PETER CRAWLEY DOUBLECROSS
Lyric Theatre, Belfast. Ends Oct 27 8pm (Sat&Sunmat2.45pm)£18/£15 (concessions £10) lyrictheatre.ie In 1986, the playwright Thomas Kilroy imagined the circumstances of two Irish men who re-invented themselves as English nationalists. The first was Brendan Bracken, the British minister for information, and the second was William Joyce, better known as Lord Haw-Haw, the broadcaster and Nazi apologist. How did these two men find themselves on opposing sides of the second World War, two masterminds of propaganda in a battle for the hearts and minds of nations? The first company to puzzle out the conundrum was Field Day – Jim Sheridan directed the premiere production with Stephen Rea, Kate O’Toole and Richard Howard dividing 11 roles between them.
Now, as part of this year’s lively Belfast International Festival, the Lyric Theatre partner with the Abbey to produce the play’s first major revival since that auspicious beginning, directed by the Lyric’s Jimmy Fay. Kilroy said he wrote it in “a rage against the whole nature of fascism”, a force that sadly, seems to be making a comeback. The new production recognises a curious contemporary tension in this play about propaganda and persuasion, or, “how fake news won the Battle for Britain”. In a world saturated with delusions and falsehoods, can such battles be won again?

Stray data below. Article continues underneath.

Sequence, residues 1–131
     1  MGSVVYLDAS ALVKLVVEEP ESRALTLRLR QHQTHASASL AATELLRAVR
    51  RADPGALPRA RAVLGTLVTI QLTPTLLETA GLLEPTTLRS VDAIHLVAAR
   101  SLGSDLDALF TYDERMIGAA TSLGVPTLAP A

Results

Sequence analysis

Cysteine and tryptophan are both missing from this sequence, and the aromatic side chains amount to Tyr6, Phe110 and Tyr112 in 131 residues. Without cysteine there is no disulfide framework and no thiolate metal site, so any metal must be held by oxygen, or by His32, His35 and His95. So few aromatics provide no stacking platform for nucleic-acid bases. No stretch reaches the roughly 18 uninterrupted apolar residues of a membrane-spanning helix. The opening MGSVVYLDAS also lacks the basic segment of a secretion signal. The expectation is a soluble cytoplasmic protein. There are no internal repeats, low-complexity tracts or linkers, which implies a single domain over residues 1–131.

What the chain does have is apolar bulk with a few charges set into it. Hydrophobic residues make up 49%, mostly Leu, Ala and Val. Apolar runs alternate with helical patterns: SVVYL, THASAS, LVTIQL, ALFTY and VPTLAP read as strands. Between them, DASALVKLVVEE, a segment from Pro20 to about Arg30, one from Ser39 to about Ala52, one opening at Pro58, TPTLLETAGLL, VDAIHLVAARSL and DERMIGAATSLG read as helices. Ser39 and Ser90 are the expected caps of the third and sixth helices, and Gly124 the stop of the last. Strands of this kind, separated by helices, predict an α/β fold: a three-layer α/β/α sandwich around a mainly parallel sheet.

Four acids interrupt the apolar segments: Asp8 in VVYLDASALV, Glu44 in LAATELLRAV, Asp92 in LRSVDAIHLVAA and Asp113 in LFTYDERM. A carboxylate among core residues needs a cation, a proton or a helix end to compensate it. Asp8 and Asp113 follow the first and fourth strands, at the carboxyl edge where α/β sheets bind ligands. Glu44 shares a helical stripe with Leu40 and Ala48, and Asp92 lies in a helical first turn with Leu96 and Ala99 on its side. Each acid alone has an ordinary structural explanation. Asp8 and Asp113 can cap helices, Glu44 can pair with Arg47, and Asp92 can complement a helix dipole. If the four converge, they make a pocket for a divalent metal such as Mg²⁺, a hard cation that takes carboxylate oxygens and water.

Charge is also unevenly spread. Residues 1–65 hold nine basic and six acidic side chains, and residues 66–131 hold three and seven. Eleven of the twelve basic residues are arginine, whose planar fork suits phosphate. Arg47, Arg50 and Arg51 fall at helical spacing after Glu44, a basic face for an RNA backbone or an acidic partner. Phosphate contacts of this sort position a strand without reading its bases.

GrandOperaHouse,Belfast.Oct31 7.30pm £22-£28 belfastinternationalfestival.com In Link Link, a solo performance – with some assistance by an additional species – by the film legend Isabella Rossellini, we learn a little about the star and a lot about the rich inner life and complex communication strategies of the actor’s dog. Rossellini, it may come as some surprise to learn, is not new to meditations on animal behaviour, and not simply because she is familiar with the meetings and mechanisms of Hollywood. An earlier show of hers documented the sexual activities of fauna under the title Green Porno, some of which remains in this performance, which she co-directs with Guido Torlonia.
Here, Rossellini appears in the form of a ringmaster, and her dog, Peter Pan, parades in a succession of intra-species costumes, as they attempt to unravel the cerebral processes of animals. Do they have minds? How have they evolved? And how big is their trailer? More aleatory and amusing than cutesy and contrived, it allows Rossellini to share autobiographical details and anecdotes without taking the vexed “audience with” format. An unusual and starry offering for the Belfast Festival, at the very least it should provide some paws for thought.